Command Line Interface (CLI)
The CLI is a small footprint tool that you can use on its own or with the Console to complete Oracle Cloud Infrastructure tasks. The CLI provides the same core functionality as the Console, plus additional commands. Some of these, such as the ability to run scripts, extend the Console's functionality.
This CLI and sample is dual-licensed under the Universal Permissive License 1.0 and the Apache License 2.0; third-party content is separately licensed as described in the code.
The CLI is built on Python (version 2.7.5 or 3.5 or later), running on Mac, Windows, or Linux. The Python code makes calls to Oracle Cloud Infrastructure APIs to provide the functionality implemented for the various services. These are REST APIs that use HTTPS requests and responses. For more information, see About the API.
Installation: See Quickstart.
Reference: For help with a specific command, you can enter
help <command> on the command line or view the Command Line Reference. This reference is derived from the APIs and help text in the Python source code.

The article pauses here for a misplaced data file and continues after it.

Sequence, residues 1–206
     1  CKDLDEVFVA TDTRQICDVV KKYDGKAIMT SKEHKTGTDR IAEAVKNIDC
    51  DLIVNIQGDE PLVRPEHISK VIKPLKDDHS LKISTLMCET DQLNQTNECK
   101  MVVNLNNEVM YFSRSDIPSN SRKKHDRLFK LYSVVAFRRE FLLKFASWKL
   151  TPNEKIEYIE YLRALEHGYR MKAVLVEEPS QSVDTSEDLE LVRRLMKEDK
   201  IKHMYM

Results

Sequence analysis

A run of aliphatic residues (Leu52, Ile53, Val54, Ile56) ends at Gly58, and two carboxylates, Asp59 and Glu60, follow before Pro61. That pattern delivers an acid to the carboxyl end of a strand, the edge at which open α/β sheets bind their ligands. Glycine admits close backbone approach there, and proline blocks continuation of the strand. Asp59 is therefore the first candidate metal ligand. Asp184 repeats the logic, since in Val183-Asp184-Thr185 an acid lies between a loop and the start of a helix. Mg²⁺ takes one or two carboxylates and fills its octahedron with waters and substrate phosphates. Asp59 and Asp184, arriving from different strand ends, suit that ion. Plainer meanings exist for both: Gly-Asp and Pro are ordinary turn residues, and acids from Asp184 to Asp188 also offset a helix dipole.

To install and use the CLI, you must have:
- An Oracle Cloud Infrastructure account
- A user created in that account, in a group with a policy that grants the desired permissions. This account user can be you, another person, or a system that calls the API. For an example of how to set up a new user, group, compartment, and policy, see Adding Users. For a list of other typical Oracle Cloud Infrastructure policies, see Common Policies.
- A keypair used for signing API requests, with the public key uploaded to Oracle.
Only the user calling the API should possess the private key. See Configuring the CLI.
To use the CLI without a keypair, you can use token-based authentication. For more information, see Token-based Authentication for the CLI.
Python version 2.7.5 or 3.5 or later, running on Mac, Windows, or Linux. Note that if you use the CLI Installer and do not have Python on your machine, the Installer offers to automatically install Python for you. If you already have Python installed on your machine, you can use the
python --versioncommand to find out which version is installed.
If you require FIPS-compliance, see Using FIPS-validated Libraries.
- Container Engine for Kubernetes
- Compute Autoscaling
- Compute Work Requests
- Core Services (Networking, Compute, Block Volume)
- Email Delivery
- File Storage
- Health Checks
- Key Management
- Load Balancing
- Object Storage
- Resource Manager
- Web Application Acceleration and Security
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